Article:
Vegetable tourism? We hope so...the new garden in front of Langley's City Hall is drawing as much notice from Langley-ites as from visitors. The maturing fruit and vegetables turn out to be community building, delicious, and attracting lots of attention. Often groups of people hang out in the garden taking photographs, resting on the bench, picking beans or strawberries, sampling the intriging purple tomatoes.
Volunteers working in the garden spend their time answering questions about the grape-colored cherry tomatoes ('Indigo Rose', developed at Oregon State University to be as rich in antioxidants as blueberries), the handsome, mammoth kale (no, we had no idea they'd grow so large...), the pollinator pathway (sweet alyssum, blooming in white and lavender along the side of City Hall, attracts more pollinators than any other single plant).
Passersby are drawn in by the sight of food growing right out along the sidewalk in front of a public building....well-integrated with flowers, art, blueberries and evergreen hedging to carry the garden through the seasons....everyone is encouraged to taste, pick, and leave some for others. (A curse on the one bad apple, so to speak, who greedily beheaded all the artichokes in the dark of night).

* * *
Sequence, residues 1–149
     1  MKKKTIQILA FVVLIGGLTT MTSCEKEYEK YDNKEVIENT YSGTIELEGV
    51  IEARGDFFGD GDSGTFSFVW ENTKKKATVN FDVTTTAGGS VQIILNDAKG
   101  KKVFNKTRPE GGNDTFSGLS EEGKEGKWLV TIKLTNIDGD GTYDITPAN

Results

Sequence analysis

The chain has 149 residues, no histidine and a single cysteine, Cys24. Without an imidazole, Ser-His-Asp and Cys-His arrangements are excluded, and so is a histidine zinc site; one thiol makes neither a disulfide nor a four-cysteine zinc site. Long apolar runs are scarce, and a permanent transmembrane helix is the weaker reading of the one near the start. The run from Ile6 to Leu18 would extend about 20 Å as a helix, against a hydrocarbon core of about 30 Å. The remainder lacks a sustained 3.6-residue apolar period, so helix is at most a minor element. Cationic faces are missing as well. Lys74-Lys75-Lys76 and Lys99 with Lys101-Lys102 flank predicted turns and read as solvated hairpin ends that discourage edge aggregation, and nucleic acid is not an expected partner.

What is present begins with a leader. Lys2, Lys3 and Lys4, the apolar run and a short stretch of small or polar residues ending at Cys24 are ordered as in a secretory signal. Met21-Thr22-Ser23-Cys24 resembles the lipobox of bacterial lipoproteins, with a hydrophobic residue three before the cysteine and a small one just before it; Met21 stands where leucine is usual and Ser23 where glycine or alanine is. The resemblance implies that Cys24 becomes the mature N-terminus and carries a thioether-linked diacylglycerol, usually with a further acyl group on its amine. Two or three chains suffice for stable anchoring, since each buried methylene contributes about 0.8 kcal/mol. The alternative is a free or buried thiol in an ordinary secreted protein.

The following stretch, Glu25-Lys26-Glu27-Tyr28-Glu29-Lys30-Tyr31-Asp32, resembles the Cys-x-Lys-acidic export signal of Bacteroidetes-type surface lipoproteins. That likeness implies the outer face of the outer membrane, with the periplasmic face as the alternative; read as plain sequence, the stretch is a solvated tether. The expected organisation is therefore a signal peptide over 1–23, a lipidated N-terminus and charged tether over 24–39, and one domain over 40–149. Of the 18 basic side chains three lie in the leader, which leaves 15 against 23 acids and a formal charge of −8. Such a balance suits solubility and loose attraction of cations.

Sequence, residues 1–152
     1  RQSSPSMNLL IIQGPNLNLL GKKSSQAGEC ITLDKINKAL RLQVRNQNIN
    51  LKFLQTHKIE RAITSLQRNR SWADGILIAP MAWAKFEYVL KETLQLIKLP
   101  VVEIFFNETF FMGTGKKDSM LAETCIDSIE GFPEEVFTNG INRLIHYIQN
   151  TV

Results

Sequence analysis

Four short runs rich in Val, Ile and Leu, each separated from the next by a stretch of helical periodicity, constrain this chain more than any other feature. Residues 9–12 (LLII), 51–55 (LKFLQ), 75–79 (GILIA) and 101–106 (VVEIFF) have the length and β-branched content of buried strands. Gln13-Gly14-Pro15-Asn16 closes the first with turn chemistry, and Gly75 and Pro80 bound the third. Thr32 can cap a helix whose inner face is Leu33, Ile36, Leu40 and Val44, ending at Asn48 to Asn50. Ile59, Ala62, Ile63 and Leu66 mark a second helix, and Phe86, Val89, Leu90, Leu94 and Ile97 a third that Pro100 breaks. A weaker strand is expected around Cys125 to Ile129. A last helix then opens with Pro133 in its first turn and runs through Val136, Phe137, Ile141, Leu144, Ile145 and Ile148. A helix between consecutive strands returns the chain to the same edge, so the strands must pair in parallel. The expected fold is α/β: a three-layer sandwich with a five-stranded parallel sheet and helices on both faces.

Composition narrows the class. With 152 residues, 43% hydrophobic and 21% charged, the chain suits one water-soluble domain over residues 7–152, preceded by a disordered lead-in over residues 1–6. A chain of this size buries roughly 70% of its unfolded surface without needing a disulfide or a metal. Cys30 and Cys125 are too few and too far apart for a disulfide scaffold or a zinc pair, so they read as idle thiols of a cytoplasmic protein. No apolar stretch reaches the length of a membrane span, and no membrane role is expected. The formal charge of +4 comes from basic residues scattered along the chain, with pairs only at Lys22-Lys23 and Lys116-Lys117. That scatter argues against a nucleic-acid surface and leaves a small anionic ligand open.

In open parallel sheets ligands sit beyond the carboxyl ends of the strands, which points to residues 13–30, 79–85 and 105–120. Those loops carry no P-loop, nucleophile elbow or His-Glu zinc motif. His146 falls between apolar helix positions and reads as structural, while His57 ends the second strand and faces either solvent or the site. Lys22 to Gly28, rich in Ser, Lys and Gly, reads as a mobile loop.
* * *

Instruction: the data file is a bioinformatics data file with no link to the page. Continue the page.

Many thanks to the volunteers who have kept the garden well-watered during this dry summer (Bernita, you're a wonder....), to Log House Plants and Renee's Garden Seeds for donating such healthy plants and special seeds, to Nick Lyle and Jean Whitesavage for the creating such beautiful bones for the garden with their inspired metalwork (check out the bean teepee topped with giant radish), to the Whidbey Island Garden Tour for their grant, and for the Langley Main Street program that makes it all happen....
An orchard on Second Street...the tall, skinny hedge of pole apples fits the scale of the little garden...
The scarlet runner beans are bearing lavishly, growing up to entwine the radish..
The yellow-leafed alpine strawberries along the sidewalk contrast with the thickly ruffled purple kale.